With a proper maintenance schedule, your air compressor can last for years and provide you thousands of hours of operation. So we’ve created this industrial air compressor maintenance checklist and a full set of tips to keep your air compressor running smoothly.
1. Check Incoming Voltage—Make sure that the incoming voltage on your air compressor isn’t too high. Check the amps on the machine, as well. If you’re giving it too much juice, you could have a major failure that can cost your company a lot of money.
2. Test for Air and Fluid Leaks—Oil leaks can be simple to detect based on the area where your compressor normally runs. Air leaks can be a little more difficult, so listen for them and also try applying soapy water to certain leak areas (hoses, disconnects, shut-off values, condensate traps, etc.) and looking for bubbles that form.
3. Look at Your Differentials—Examine the differentials across your filter. The PSI you put in should be very similar to the PSI that it puts out. If you find a significant gap, it’s time to perform a thorough check on the parts of your equipment. Filters are a major area to test.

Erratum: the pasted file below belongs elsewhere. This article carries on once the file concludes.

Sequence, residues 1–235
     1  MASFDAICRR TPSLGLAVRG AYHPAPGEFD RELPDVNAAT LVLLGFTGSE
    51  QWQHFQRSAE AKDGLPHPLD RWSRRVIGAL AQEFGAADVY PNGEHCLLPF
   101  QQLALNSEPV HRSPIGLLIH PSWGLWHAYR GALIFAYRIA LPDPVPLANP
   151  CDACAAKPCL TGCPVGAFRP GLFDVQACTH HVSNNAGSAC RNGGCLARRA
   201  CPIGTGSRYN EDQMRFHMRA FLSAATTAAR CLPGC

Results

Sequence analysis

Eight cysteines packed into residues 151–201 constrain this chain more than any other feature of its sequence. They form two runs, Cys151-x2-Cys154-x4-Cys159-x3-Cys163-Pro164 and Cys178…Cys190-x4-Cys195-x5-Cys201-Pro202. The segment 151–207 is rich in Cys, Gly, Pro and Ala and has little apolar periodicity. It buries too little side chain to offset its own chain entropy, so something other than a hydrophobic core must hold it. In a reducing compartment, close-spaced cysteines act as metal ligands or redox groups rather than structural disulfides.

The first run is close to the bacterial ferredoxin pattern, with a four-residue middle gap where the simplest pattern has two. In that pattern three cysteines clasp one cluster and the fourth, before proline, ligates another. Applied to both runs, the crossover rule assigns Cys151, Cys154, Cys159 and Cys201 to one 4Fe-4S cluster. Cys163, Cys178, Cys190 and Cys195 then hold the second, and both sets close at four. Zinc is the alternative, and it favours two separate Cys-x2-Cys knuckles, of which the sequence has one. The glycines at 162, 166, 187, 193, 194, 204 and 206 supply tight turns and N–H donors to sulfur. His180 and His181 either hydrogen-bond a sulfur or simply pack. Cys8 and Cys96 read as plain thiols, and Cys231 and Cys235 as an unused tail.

4. Monitor the Temperature—One of the top problems that air compressor operators face is a unit that overheats. This leads to reduced efficiency, increased maintenance costs and may cause you to replace the system earlier than its expected life. Temperature should be logged consistently to make sure the equipment is not overheating.
Check the cooler for proper function and ensure that it’s not becoming covered in dust. If it is, you’ll need to give the cooler a little more physical space.
Also, it’s a good idea to take a few minutes and ensure that your compressor has enough space to properly vent — this is exceedingly important during those hot summer months. Your compressor should have space to exhaust and not trap that hot air against its frame.
5. Check Vibration Levels—Check the vibration levels on the motor and the airend or pump to ensure that your unit is not exceeding standard vibration levels. This is smart to check on a consistent basis, but your team should also be on the lookout for warning signs throughout the year.